Our Saffron tested at an incredible UPC of 282.01!!!
Pure Spanish Saffron Threads ISO graded Class I. Rated the Finest in Spain - La Mancha.
- Saffron is really not much more expensive than most seasonings because you use a very small amount per recipe.
- Our saffron has evenly colored, deep red threads. Pale streaked saffron is inferior.
- Avoid powdered saffron. Its been adulterated with other flavorings. It's a phony!
- For the best saffron flavor, crush and soak the threads.
- Measure saffron threads before crushing. A pinch is about 20 threads (you can eyeball it, although its fun to count them out!).
More is not better! Too much saffron will ruin a dish resulting in a medicinal taste.
- For a more uniform crushing of saffron, use a mortar and pestle versus crumbling between your fingertips.
- Soak the saffron in hot, but not boiling, water for 5 to 20 minutes. Then add both to your recipe to bring out the most flavor!
- Treat soaking saffron like tea! Once you smell the aroma, your "saffron tea" is ready!
- For a better burst of flavor, soak your saffron in wine, or stock, instead of water, and add it all into your recipe.
- Do not use wooden utensils when mixing saffron. Wood utensils tend to absorb saffron easily. You don't want to waste it.
- Store saffron in an airtight container in a cool, dark place for maximum flavor.
Wonderful in this Strawberry Pavlova with Saffron Custard Recipe and this Cioppino Recipe.
And of course we use this great saffron in our Paella Recipe.
A pound of dry saffron requires 50,000–75,000 flowers, the equivalent of a football field's area of cultivation (110,000-170,000 flowers or two football fields for a kilogram). It takes a full week to pick 150,000 flowers. Stigmas are dried quickly upon extraction. Vivid crimson colouring, slight moistness, elasticity, and lack of broken-off thread debris are all traits of fresh saffron.
Mediterranean Stew with Harissa
- 1 pound purple sweet potatoes, peeled, and cut into 1/2 inch cubes
- You can substitute any potatoes, squash, or even cauliflower; we like the color of the purple sweet potatoes.
- 1 28-ounce can of crushed tomatoes. We like the "fire roasted" ones.
- 2 medium carrots, peeled, and cut into 1/2 inch pieces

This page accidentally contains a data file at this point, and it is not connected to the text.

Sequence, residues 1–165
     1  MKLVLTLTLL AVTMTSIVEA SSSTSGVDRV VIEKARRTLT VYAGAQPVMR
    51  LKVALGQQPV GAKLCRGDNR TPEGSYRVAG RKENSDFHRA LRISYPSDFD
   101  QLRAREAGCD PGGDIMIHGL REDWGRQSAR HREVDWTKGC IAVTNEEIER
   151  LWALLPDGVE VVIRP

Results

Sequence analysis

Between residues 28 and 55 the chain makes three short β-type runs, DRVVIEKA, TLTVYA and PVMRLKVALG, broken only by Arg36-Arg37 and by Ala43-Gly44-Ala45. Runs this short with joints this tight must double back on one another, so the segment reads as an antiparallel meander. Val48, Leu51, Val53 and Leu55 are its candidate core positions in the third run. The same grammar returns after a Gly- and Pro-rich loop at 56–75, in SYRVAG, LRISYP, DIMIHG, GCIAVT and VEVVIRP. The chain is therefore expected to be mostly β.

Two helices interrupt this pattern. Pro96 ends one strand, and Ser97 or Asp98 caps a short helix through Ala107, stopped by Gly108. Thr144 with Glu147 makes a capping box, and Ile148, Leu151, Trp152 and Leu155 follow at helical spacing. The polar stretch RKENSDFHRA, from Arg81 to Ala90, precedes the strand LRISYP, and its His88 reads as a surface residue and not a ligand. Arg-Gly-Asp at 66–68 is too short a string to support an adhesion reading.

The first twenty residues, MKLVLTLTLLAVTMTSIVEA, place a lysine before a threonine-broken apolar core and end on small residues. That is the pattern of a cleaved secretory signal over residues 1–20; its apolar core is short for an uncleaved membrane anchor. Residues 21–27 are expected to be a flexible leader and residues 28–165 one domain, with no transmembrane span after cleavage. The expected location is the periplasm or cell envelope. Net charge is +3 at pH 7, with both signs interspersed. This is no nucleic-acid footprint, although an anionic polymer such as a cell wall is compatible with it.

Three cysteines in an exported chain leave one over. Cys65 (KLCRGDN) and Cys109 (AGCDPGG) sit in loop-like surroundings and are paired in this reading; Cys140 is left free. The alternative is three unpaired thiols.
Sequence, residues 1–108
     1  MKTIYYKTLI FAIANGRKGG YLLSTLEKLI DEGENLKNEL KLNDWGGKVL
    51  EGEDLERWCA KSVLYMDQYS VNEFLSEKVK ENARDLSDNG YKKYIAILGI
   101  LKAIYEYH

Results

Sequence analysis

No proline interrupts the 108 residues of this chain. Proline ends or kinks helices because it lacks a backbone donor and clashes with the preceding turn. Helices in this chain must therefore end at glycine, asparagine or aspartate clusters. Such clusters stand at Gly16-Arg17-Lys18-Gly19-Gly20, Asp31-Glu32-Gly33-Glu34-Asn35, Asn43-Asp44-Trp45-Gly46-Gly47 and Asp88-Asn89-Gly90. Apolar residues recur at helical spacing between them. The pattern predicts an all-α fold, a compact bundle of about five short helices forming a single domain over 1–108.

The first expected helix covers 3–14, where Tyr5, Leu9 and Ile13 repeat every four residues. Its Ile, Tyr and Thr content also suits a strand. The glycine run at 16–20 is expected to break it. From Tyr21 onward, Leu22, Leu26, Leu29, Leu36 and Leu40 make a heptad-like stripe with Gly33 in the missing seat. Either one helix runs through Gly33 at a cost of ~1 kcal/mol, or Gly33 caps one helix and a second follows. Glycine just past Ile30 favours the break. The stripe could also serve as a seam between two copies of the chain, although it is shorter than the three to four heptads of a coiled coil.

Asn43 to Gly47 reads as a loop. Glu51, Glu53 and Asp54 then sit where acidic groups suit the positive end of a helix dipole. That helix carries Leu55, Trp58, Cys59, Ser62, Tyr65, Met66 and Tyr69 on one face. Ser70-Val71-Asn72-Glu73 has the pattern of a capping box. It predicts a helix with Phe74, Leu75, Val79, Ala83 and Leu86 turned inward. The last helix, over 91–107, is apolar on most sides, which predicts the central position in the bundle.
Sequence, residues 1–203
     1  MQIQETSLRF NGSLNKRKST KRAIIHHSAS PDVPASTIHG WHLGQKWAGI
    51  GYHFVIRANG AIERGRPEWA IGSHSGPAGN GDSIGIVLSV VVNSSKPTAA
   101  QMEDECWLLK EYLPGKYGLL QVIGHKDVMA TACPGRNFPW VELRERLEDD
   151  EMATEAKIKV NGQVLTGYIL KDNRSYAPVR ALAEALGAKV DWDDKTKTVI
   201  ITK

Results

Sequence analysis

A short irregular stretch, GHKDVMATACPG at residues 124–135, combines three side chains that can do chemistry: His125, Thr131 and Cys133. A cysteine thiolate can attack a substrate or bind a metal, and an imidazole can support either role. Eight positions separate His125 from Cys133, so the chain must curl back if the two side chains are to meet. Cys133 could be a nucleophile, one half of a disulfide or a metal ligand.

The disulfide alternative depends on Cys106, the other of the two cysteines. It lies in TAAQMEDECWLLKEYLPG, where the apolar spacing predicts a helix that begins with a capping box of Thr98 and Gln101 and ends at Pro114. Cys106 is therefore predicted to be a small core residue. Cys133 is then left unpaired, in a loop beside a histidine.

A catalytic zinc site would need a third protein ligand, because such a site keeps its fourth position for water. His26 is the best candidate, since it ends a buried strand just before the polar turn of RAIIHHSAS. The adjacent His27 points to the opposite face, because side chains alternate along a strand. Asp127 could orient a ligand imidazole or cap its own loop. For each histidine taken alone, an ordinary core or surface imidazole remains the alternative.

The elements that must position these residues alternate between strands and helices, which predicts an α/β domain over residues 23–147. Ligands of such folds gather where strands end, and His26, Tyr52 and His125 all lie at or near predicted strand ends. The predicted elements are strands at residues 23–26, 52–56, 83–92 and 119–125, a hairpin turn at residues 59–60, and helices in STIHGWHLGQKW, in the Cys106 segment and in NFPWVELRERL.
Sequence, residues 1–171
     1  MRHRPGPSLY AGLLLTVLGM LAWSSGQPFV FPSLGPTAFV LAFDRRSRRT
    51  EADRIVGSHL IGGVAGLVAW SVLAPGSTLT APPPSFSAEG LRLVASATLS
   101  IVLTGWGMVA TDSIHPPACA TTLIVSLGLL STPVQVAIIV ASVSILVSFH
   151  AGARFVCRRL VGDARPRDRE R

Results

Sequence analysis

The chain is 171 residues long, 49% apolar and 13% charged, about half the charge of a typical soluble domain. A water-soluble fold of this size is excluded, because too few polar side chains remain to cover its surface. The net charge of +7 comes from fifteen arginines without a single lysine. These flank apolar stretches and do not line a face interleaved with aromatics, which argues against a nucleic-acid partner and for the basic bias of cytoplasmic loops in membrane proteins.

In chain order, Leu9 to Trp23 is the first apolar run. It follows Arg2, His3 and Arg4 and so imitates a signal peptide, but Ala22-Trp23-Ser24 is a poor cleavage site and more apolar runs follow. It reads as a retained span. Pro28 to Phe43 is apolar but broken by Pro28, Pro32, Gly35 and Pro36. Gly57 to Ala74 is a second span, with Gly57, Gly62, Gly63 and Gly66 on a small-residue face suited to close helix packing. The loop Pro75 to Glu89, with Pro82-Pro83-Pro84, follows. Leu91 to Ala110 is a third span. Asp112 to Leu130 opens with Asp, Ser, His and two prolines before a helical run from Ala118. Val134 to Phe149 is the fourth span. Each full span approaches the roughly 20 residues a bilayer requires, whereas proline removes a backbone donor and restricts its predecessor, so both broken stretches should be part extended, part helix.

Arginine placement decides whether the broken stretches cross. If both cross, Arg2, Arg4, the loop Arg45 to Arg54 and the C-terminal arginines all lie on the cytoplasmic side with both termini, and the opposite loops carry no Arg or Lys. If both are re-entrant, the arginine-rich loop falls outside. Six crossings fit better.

- 1 medium sweet onion, peeled, and minced
- 1 yellow bell pepper, seeded, and diced
- 3 garlic cloves, minced
- 1.5 teaspoons ground cumin
- 2 teaspoons ground coriander
- 2 teaspoons yellow curry powder
- 1 cinnamon stick, about 3 inches in length
- 1.5 Tablespoons Mina Harissa (mild or spicy, your choice)
- 2 Tablespoons tomato paste
- 1/4 teaspoon Fleur de Sel Sea Salt
- 1/4 teaspoon freshly ground black pepper
- 1/4 teaspoon saffron threads
- 3 whole bay leaves
- 2 Tablespoons coconut oil or duck fat
- 4 cups chicken broth
- 1 15 ounce can of chickpeas, drained and rinsed
- 2 cups orzo or cous cous
- 1 bunch parsley, finely chopped
- Lemon zest, finely grated
- Extra Virgin Olive Oil
Combine the cumin, coriander, curry powder, harissa, and tomato paste in a small bowl. We'll refer to this as the "spice mix".
Melt the coconut oil in a large skillet (make sure you have a lid that fits, or use a dutch oven about 6 quarts in size) using medium heat. Add the onions. Saute until they are translucent, about 2-3 minutes. Add the garlic, cook about 1 minute while constantly stirring (you don't want it to burn). Add the spice mix and the cinnamon stick. Saute another 2-3 minutes.
To this same pot add the potatoes, carrots, crushed tomatoes, salt, and black pepper. Allow to cook for 1 minute while stirring. Add the chicken broth and bay leaves. Simmer for 10-15 minutes until the potatoes and carrots have started to soften. Reduce the heat to low and simmer uncovered for 20-25 minutes.
While the stew is simmering, cook the cous cous in a separate pot.
Add the saffron threads and chickpeas to the stew pot. Put the lid on the pot and simmer for another 10 minutes. Add the yellow bell pepper and stir to incorporate.
Remove the cinnamon stick and bay leaves, add the cous cous.
To serve take several large bowls, ladle the stew into them. Garnish with the chopped parsley, grated lemon zest, and add a drizzle of extra virgin olive oil on top. Serve with crusty bread.
Although saffron cultivation does not use pesticides or chemical fertilizers, it is very difficult to certify as organic due to the significant costs to the small farmers who grow it.
Contains no soy, gluten, nuts, dairy, or genetically engineered ingredients.
Azafrán-Oro, used by the world renowned chef Ferran Adria (el Bulli), regularly tests at over 240 UPC. This pure Spanish saffron is packaged in beautiful recycled glass jars and hand-sealed with wax. It is truly amazing stuff, we've never seen such high quality saffron. This harvest was spectacular in quality.
3 gram beautiful recycled glass jars hand-sealed with wax